Idaho Sen. Mike Crapo said earlier that the $250,000 investment loss his campaign suffered in 2008 - and just now disclosed - came at a time when the campaign was between treasurers, so only then-campaign manager Jake Ball authorized the expenditure, in the form of a loan to a longtime friend. But William Corbett, who was Crapo's volunteer campaign treasurer at the time, tells the AP he was never informed about the transaction. "Obviously, if I would have, it would have been reported," Corbett said. AP reporter John Miller reports that aides for Republican U.S. Rep. Mike Simpson and Sen. Jim Risch say their campaigns have safeguards and internal controls to protect donor money from a similar fate; among other things, investments such as the ones Ball said he employed with his friend would be forbidden. Click below for Miller's full report.
Crapo's campaign suffered from poor controls
By JOHN MILLER, Associated Press
BOISE, Idaho (AP) — As William Corbett was preparing a final federal elections disclosure for his boss, U.S. Sen. Mike Crapo, in October 2008, he said there was something important he wasn't told.
Crapo's then-campaign manager, Jake Ball, shifted $250,000 from a campaign account to another account at now-defunct Washington Mutual that was controlled by Ball's friend, a Boise real-estate investor, for a loan. Corbett, who was leaving as Crapo's volunteer treasurer at the time, said Ball kept him totally in the dark.
"Obviously, if I would have (had knowledge of the transaction), it would have been reported," Corbett told The Associated Press.
Just what happened to the cash became apparent this month when Crapo amended his 2008 and 2009 Federal Election Commission filings, reporting that someone at Pyramid Global Resources in Las Vegas took the money Ball had moved. "A third-party venture ... absconded with the money," Crapo wrote in a statement.
Ball said he stood by a sworn affidavit he gave Crapo's lawyers in March, contending he sought to increase the campaign coffers with the loan with a friend, not his own personal wealth.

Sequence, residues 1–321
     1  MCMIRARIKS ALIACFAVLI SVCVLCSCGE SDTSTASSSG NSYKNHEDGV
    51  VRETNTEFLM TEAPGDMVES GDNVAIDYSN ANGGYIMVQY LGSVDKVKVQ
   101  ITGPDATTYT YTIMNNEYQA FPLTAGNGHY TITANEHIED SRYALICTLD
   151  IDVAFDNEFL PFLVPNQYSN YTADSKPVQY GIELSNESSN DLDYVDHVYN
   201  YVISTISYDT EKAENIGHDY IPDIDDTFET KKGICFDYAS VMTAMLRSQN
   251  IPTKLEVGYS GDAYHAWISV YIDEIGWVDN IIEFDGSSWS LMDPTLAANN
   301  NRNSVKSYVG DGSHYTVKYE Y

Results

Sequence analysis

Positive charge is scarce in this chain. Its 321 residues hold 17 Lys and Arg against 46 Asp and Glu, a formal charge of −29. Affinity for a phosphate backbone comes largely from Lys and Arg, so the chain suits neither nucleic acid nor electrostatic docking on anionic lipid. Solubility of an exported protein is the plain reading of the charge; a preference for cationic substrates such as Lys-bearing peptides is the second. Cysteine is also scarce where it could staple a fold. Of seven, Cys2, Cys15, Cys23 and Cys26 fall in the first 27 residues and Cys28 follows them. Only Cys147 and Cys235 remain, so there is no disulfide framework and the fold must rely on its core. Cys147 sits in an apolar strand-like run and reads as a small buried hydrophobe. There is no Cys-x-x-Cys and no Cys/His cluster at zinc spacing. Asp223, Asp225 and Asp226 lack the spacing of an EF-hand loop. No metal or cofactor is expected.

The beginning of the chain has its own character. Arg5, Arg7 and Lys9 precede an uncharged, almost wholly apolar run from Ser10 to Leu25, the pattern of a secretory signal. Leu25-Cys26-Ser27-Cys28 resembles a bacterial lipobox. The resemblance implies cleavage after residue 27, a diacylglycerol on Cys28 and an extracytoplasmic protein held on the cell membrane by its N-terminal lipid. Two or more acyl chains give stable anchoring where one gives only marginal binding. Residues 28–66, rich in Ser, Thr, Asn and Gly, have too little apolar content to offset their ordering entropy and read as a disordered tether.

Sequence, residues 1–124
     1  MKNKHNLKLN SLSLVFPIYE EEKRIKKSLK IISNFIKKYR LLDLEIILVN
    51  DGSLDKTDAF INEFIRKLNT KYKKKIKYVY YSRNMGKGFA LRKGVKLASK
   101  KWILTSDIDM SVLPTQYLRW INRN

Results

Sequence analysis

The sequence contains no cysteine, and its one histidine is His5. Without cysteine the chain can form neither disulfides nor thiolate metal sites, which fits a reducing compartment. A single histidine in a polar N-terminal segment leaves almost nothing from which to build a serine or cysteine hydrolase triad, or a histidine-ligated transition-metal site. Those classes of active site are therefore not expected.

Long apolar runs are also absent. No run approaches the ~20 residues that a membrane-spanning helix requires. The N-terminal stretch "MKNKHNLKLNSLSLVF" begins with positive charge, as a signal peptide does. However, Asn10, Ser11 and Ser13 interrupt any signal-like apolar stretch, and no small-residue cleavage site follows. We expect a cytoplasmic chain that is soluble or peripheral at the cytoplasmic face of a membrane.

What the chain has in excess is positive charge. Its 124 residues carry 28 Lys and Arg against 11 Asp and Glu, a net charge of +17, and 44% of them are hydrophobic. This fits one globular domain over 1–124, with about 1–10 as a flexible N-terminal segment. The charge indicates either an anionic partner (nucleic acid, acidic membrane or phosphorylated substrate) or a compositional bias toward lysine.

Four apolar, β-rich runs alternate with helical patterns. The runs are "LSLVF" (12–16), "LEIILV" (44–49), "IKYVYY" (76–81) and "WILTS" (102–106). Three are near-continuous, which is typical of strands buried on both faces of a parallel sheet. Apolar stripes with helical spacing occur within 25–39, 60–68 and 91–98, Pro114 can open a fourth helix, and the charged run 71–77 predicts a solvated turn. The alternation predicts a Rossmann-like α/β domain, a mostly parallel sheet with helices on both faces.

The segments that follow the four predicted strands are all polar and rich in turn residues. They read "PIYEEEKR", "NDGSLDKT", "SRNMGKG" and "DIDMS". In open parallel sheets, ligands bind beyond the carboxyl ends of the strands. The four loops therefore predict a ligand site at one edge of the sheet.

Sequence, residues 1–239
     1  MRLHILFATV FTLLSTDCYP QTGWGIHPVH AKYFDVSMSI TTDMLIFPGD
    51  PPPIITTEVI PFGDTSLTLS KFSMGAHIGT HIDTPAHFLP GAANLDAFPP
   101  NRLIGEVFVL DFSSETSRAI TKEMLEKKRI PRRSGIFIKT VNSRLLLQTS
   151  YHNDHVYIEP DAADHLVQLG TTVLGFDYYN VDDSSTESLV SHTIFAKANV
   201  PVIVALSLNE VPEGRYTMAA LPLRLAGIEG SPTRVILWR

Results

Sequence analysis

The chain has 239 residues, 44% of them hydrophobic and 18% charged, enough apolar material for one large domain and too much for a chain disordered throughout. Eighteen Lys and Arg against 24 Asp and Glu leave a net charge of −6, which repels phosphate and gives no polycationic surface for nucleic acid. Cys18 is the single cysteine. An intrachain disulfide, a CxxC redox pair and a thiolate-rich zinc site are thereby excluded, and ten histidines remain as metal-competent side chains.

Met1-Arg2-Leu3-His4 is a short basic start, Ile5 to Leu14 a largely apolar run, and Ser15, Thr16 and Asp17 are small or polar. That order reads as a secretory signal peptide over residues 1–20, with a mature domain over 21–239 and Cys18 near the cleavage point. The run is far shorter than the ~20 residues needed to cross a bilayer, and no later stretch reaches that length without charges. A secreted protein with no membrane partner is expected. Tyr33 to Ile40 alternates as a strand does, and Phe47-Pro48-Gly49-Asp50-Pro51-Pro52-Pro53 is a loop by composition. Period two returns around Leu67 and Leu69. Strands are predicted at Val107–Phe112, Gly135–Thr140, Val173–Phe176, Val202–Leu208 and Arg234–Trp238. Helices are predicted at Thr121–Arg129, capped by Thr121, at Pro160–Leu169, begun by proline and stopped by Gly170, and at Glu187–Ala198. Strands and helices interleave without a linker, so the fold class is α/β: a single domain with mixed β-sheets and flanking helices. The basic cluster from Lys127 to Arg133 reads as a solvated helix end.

The episode, however, illustrates the dangers of loose internal financial controls inside campaigns. Federal law allows campaigns to invest donor money to increase the size of their coffers, though most of its guidance deals with relatively safe investments, like money market accounts, not speculative real estate.
A survey of several of Idaho's congressional delegation showed their financial controls vary, but most say they've got measures in place to avoid what happened in Crapo's campaign.
Crapo's spokesman, Lindsay Nothern, said adjustments under new treasurer, Paul Kilgore, will prevent a repeat. Now, one person writes checks; another signs them; then, the transactions are quickly passed through Kilgore's accounting system, Nothern said.
"Every time somebody makes a move within the campaign today, it's noted by the treasurer — just like it should have been back then," he said, adding blame ultimately falls on Ball, not Corbett. "It's incumbent on Jake's position to report what's going on to the treasurer, and he didn't report this transaction."
Corbett, a Boise accountant, said his role in Crapo's campaign was always to file FEC reports, not keep day-to-day tabs on Ball's juggling of campaign money. "I never signed checks. That was not in my duties," he said.
Ball insisted Crapo, a member of the Senate Banking and Finance committees, gave him "latitude" to pursue higher returns, though the three-term Republican said he only learned of Ball's loan to his friend, Gavin McCaleb, at 8 percent interest in late 2010.
That's when his new treasurer, Kilgore, noticed discrepancies and Ball finally acknowledged the loan to his boss — just before moving to U.S. Rep. Raul Labrador's staff as district director. Ball quit Labrador's post May 9, one day before Crapo filed amended reports.
Aides for Republican U.S. Rep. Mike Simpson and Sen. Jim Risch say their campaigns have safeguards to protect donor money from a similar fate. Among other things, investments such as the ones Ball said he employed with his friend would be forbidden, staffers said.
"Our campaign does not invest its resources in any way and feel like we have strong controls in place over our expenditures," said Nikki Watts, a spokeswoman for Simpson. Added Risch's chief of staff, John Sandy, in a separate interview: "We just don't do investments."
Labrador's chief of staff, Jason Bohrer, didn't return multiple inquiries about his campaign's practices — or Ball's departure.
Crapo, who handed over documents to FEC, anticipates an investigation. His lawyer, Stephen Ryan in Washington, D.C., sidestepped whether Ball broke FEC rules by not reporting the investment immediately to Corbett.
"If you ask 100 different lawyers, you'd get a set of opinions," Ryan said.
FEC spokeswoman Judith Ingram declined comment on Crapo's case.
But campaign experts not involved in this case say the agency doesn't take lightly investment losses kept off a U.S. senator's books for nearly five years. Crapo's campaign could face fines, the most common FEC penalty for civil violations, though by self-reporting Ball's loan he may succeed in reducing any financial penalties levied against him, according to FEC policy.
"As a general matter, federal campaign finance laws don't accommodate hundreds of thousands of dollars disappearing from a campaign account without a paper trail," said Paul S. Ryan, senior counsel for the nonpartisan Campaign Legal Center in Washington, D.C.
Copyright 2013 The Associated Press.